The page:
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The Commercialisation of Transglutaminase.

Final Report Summary - TRANSCOM (The Commercialisation of Transglutaminase.)


The TRANSCOM project was designed to facilitate the exchange of knowledge and technology between 3 leading European research teams and 4 SMEs each with an interest in the protein crosslinking enzymes Transglutaminases. Transglutaminases (TGs) are a widely distributed group of enzymes that catalyse the post-translational modification of proteins by the formation of stable isopeptide bonds or by deamidation of proteins. Such protein modifications have important roles under normal physiological conditions but under conditions where deregulation of enzyme activity may occur eg following chronic inflammation they can become pathological. A major objective of the TRANSCOM project was: to establish the molecular nature of the role of transglutaminases in the pathogenesis of diseases which are known to involve their cross-linking or deamidation activity such as coeliac disease and neurodegenerative diseases. Working between sectors our ultimate aim was to develop new point of care diagnostic assays for coeliac disease which reduce the invasive procedures used in diagnosis and to develop novel specific inhibitors that form the basis for new therapeutic approaches in the treatment of diseases and complications where transglutaminases are involved.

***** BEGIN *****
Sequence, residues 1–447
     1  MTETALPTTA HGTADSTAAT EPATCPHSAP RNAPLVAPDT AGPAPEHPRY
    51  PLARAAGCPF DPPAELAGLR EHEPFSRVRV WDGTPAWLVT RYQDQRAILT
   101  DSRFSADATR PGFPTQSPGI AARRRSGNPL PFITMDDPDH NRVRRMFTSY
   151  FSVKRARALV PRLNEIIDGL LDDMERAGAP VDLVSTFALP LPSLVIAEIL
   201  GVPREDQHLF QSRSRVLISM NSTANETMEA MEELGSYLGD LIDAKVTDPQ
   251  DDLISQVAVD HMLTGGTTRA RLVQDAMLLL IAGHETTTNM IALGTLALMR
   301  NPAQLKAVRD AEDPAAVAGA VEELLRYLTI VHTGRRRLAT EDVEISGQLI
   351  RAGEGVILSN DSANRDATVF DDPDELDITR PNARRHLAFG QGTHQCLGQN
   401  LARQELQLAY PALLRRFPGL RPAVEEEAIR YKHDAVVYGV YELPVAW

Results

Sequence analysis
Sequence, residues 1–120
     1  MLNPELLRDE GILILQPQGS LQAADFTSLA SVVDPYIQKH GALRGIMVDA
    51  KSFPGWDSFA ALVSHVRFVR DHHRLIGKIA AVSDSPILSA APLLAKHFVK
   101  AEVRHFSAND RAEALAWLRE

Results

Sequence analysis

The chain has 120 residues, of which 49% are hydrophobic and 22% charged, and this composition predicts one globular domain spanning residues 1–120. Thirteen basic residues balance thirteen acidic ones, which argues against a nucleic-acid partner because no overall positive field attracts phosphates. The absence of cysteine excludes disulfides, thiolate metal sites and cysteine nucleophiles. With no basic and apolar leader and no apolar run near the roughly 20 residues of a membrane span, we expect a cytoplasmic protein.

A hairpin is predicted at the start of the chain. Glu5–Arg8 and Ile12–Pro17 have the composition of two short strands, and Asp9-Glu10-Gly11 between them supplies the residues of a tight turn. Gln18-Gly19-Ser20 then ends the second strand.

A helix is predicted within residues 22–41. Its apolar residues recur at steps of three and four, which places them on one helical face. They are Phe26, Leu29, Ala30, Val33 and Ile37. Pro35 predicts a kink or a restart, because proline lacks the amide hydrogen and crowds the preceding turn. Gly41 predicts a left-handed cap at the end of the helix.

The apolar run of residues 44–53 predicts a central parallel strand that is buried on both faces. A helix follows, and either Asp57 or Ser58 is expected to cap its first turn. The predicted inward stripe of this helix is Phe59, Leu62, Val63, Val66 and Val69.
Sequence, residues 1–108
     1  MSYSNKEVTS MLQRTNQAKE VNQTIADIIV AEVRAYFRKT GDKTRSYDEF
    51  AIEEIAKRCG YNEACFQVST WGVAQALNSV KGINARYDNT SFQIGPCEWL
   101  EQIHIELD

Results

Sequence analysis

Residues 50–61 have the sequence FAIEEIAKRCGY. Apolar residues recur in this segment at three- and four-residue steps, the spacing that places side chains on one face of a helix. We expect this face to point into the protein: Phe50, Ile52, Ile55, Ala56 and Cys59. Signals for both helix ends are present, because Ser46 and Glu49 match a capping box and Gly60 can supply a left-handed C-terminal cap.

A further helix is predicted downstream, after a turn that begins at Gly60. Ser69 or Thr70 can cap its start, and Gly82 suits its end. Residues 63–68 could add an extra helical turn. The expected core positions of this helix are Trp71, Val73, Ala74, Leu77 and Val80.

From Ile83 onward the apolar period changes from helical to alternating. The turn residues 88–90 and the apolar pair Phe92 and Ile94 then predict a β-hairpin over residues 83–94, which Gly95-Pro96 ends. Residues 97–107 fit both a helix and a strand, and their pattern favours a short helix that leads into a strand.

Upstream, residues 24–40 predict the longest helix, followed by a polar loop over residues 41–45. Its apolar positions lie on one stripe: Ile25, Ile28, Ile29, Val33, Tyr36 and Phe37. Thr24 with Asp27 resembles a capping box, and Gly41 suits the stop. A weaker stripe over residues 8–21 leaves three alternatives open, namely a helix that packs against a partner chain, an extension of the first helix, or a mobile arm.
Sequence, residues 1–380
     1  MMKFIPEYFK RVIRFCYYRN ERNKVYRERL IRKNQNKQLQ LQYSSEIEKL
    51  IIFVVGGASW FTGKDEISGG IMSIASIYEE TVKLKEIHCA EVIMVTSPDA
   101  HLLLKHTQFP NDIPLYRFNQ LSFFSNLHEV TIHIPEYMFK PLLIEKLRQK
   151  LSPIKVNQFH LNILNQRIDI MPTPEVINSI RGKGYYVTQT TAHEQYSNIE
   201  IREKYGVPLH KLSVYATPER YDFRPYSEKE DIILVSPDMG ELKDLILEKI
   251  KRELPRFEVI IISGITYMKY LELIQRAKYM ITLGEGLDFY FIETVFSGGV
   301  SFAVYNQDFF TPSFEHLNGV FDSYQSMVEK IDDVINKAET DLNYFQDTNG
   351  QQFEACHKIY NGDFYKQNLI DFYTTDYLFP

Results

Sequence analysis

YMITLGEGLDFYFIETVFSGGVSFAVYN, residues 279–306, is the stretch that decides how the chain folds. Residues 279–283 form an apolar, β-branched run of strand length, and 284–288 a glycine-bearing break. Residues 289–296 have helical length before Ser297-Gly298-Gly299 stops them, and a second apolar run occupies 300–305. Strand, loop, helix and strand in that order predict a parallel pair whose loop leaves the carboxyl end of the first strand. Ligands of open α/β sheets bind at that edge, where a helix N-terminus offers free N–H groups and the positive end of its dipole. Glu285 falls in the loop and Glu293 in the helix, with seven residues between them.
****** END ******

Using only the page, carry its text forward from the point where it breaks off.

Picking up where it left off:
Societal Significance of the Project

The diseases chosen to study within this project need very little introduction with respect to their importance in Human Health. Celiac disease occurs, on average, once in every 1,000 live births, with a range from one in 250 to one in 4,000. Currently, the management of this disease is through diet alone and any therapy that would remove the need for a strict gluten-free diet would have a significant uptake. Moreover it is still one of most undiagnosed diseases and even though point of care kits are available their present accuracy still requires invasive surgery to confirm diagnosis. Hence there is a need for the introduction of more accurate point of care diagnostic tests. The celiac market is expected to be $8b by 2019 with no candidate drug therapies currently passing Phase II. Neurodegeneration is a group of diseases which hardly requires explanation of its competitive opportunities for European biotechnology – as life expectancy increases the Alzheimer’s market alone is expected to grow significantly, from 18 to 25 million patients by 2015. The total drug sales for all neurodegenerative diseases in 2008 was $18.5b and predicted to increase to over $35b by 2015. However there is still an urgent need for more effective drugs. Infection by MRSA (methicillin resistant Staphylococcus aureus) is frequently associated with blood clots from invasive surgery and via intravenous catheters. The most frequent complication associated with intravenous catheter implantation is microbial infection. Hence new catheter coatings are urgently required to prevent fouling and to alleviate related bloodstream infections which are estimated to occur at an annual rate of 80,000 to 250,000 cases in the US. The catheter market is forecast to be over $23b.